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[moo r] /mʊər/
verb (used with object)
to secure (a ship, boat, dirigible, etc.) in a particular place, as by cables and anchors or by lines.
to fix firmly; secure.
verb (used without object)
to moor a ship, small boat, etc.
to be made secure by cables or the like.
the act of mooring.
Origin of moor2
1485-95; earlier more, akin to Old English mǣrels- in mǣrelsrāp rope for mooring a ship; see marline Unabridged
Based on the Random House Dictionary, © Random House, Inc. 2017.
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Examples from the Web for moored
Contemporary Examples
  • It was almost an economic religion or at least an ideology that was not moored to the actual but the theoretical.

Historical Examples
  • We began to talk of the peaceful backwater in which we were moored.

    Pushed and the Return Push George Herbert Fosdike Nichols, (AKA Quex)
  • Would you like to have it drift against you while moored to the shore?

    Up the River Oliver Optic
  • Our vessels were moored about the harbour, and we were all frozen in, as a matter of course.

    Ned Myers James Fenimore Cooper
  • She was moored a mile from the shore, and no other vessel was near her.

    Freaks of Fortune Oliver Optic
  • The vessels are moored betwixt it and the town, safe from every storm.

    Wanderings in South America Charles Waterton
  • Beneath this isle they moored the ship, and slept, most of them, ashore.

    The World's Desire H. Rider Haggard and Andrew Lang
  • Their steamers cast anchor, or were moored close to the shore among the creeks, on the north side, near Fort Catherine.

    The British Expedition to the Crimea William Howard Russell
  • The Dear Me was not anchored, but moored to the pier by a pulley and tackle.

    From the Car Behind Eleanor M. Ingram
  • One of the first acts of this gentleman was to sell our boat, which was moored at the back of Government-house.

British Dictionary definitions for moored


/mʊə; mɔː/
a tract of unenclosed ground, usually having peaty soil covered with heather, coarse grass, bracken, and moss
Derived Forms
moory, adjective
Word Origin
Old English mōr; related to Old Saxon mōr, Old High German muor swamp


/mʊə; mɔː/
to secure (a ship, boat, etc) with cables or ropes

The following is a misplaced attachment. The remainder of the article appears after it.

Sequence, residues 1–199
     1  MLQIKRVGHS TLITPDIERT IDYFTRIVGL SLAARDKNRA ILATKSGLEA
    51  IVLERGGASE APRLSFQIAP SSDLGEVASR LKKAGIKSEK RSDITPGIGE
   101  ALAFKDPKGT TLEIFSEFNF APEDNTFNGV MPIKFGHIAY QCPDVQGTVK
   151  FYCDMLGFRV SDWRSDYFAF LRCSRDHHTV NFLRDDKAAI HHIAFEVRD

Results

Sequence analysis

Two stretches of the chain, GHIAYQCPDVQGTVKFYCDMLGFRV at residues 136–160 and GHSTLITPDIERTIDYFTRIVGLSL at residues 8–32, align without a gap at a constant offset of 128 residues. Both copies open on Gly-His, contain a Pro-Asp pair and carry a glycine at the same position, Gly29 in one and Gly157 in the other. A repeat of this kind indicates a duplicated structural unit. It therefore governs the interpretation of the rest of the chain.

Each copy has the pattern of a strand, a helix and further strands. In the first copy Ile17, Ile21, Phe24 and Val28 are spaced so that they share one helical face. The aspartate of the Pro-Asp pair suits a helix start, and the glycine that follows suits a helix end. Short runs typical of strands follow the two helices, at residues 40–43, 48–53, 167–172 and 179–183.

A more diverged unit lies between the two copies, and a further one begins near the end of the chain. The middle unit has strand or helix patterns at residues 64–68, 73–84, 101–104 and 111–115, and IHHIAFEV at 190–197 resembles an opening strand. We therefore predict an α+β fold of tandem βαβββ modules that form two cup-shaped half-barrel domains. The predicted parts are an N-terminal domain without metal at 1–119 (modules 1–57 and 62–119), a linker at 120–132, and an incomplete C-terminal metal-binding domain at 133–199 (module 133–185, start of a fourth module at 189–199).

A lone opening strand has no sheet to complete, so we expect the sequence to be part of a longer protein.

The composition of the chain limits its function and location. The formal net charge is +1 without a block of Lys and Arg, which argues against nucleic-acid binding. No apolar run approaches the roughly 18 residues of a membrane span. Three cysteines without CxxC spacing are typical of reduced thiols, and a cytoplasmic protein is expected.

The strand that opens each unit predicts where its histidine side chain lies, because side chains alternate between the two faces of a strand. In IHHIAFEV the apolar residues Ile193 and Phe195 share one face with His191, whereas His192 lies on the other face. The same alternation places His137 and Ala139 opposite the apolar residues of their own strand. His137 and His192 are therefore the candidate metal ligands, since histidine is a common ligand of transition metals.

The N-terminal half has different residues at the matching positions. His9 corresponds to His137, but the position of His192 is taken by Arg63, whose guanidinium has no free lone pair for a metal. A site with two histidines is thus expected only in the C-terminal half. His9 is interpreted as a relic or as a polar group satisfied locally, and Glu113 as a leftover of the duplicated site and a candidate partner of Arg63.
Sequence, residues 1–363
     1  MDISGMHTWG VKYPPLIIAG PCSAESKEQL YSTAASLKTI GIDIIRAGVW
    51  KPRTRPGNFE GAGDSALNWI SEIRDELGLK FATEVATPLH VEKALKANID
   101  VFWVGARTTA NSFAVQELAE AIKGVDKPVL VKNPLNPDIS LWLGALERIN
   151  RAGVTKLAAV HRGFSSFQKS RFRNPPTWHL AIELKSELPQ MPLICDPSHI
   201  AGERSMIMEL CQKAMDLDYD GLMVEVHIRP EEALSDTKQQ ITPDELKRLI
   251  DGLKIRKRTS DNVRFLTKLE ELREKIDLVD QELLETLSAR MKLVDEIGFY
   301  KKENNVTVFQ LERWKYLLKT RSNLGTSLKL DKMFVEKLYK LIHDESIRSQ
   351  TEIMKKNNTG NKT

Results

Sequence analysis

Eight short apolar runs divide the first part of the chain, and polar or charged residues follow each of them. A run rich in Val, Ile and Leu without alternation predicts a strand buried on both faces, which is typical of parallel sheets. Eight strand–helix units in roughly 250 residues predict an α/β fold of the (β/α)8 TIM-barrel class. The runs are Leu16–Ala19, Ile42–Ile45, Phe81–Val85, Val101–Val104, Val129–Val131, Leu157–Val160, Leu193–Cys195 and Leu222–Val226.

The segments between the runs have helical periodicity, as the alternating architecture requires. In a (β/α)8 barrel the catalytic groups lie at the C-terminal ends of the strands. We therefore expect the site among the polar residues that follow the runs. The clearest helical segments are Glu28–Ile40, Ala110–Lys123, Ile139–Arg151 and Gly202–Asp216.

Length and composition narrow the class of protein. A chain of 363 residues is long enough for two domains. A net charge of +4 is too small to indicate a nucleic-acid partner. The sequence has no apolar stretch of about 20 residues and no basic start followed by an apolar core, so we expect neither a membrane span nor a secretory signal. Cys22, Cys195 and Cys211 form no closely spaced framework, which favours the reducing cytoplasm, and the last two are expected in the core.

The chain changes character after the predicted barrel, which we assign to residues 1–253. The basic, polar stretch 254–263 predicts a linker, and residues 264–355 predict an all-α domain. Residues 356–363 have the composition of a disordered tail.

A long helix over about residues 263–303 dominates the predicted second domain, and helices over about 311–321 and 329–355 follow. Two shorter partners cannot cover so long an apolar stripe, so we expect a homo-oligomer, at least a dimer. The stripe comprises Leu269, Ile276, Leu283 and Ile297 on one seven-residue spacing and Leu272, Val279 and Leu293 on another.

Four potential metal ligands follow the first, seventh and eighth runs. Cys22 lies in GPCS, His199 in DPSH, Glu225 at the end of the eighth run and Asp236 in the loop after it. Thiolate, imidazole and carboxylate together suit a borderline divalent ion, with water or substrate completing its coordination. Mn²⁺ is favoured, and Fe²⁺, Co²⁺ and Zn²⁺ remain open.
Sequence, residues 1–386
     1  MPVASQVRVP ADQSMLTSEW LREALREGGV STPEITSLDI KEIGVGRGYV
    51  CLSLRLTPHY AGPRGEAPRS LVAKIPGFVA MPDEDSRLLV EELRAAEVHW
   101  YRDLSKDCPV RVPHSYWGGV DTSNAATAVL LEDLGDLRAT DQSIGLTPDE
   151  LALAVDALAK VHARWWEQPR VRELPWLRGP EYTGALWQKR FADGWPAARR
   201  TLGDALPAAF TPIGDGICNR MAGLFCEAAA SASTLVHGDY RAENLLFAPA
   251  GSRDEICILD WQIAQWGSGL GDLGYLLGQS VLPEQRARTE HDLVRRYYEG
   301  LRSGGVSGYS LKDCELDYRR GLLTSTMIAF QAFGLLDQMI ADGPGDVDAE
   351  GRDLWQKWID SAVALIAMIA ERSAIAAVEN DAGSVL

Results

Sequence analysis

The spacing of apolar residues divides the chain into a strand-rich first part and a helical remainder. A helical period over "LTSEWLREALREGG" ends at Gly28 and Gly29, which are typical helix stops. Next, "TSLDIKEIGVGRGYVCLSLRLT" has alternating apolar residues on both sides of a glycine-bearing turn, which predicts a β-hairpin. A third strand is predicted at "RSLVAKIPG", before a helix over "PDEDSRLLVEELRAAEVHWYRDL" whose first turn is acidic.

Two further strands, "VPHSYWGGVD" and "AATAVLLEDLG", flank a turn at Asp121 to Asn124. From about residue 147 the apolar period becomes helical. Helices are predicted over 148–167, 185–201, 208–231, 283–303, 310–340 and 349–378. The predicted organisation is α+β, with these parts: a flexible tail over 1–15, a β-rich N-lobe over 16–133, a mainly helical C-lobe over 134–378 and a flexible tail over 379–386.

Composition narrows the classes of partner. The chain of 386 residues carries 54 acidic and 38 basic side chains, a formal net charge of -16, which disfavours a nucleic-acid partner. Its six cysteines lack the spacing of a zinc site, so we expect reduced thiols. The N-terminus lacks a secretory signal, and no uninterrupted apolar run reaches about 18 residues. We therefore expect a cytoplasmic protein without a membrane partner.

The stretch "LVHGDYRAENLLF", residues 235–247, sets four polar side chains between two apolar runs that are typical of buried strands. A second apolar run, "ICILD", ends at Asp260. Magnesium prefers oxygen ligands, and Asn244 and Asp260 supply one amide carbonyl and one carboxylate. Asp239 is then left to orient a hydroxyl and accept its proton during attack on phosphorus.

(of a ship, boat, etc) to be secured in this way
(not in technical usage) a less common word for anchor (sense 11)
Word Origin
C15: of Germanic origin; related to Old English mǣrelsrāp rope for mooring


/mʊə; mɔː/
a member of a Muslim people of North Africa, of mixed Arab and Berber descent. In the 8th century they were converted to Islam and established power in North Africa and Spain, where they established a civilization (756–1492)
Word Origin
C14: via Old French from Latin Maurus, from Greek Mauros, possibly from Berber
Collins English Dictionary - Complete & Unabridged 2012 Digital Edition
© William Collins Sons & Co. Ltd. 1979, 1986 © HarperCollins
Publishers 1998, 2000, 2003, 2005, 2006, 2007, 2009, 2012
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Word Origin and History for moored



"to fasten (a vessel) by a cable," late 15c., probably related to Old English mærels "mooring rope," via unrecorded *mærian "to moor," or possibly borrowed from Middle Low German moren or Middle Dutch maren "to moor," from West Germanic *mairojan. Related: Moored, mooring. French amarrer is from Dutch.


"waste ground," Old English mor "morass, swamp," from Proto-Germanic *mora- (cf. Old Saxon, Middle Dutch, Dutch meer "swamp," Old High German muor "swamp," also "sea," German Moor "moor," Old Norse mörr "moorland," marr "sea"), perhaps related to mere (n.), or from root *mer- "to die," hence "dead land."

The basic sense in place names is 'marsh', a kind of low-lying wetland possibly regarded as less fertile than mersc 'marsh.' The development of the senses 'dry heathland, barren upland' is not fully accounted for but may be due to the idea of infertility. [Cambridge Dictionary of English Place-Names]



"North African, Berber," late 14c., from Old French More, from Medieval Latin Morus, from Latin Maurus "inhabitant of Mauritania" (northwest Africa, a region now corresponding to northern Algeria and Morocco), from Greek Mauros, perhaps a native name, or else cognate with mauros "black" (but this adjective only appears in late Greek and may as well be from the people's name as the reverse). Being a dark people in relation to Europeans, their name in the Middle Ages was a synonym for "Negro;" later (16c.-17c.) used indiscriminately of Muslims (Persians, Arabs, etc.) but especially those in India.

Online Etymology Dictionary, © 2010 Douglas Harper
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